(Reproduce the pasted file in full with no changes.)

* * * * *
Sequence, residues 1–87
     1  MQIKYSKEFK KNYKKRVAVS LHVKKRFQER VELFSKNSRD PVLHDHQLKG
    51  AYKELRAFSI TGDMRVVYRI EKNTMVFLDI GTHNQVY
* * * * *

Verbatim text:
Sequence, residues 1–87
     1  MQIKYSKEFK KNYKKRVAVS LHVKKRFQER VELFSKNSRD PVLHDHQLKG
    51  AYKELRAFSI TGDMRVVYRI EKNTMVFLDI GTHNQVY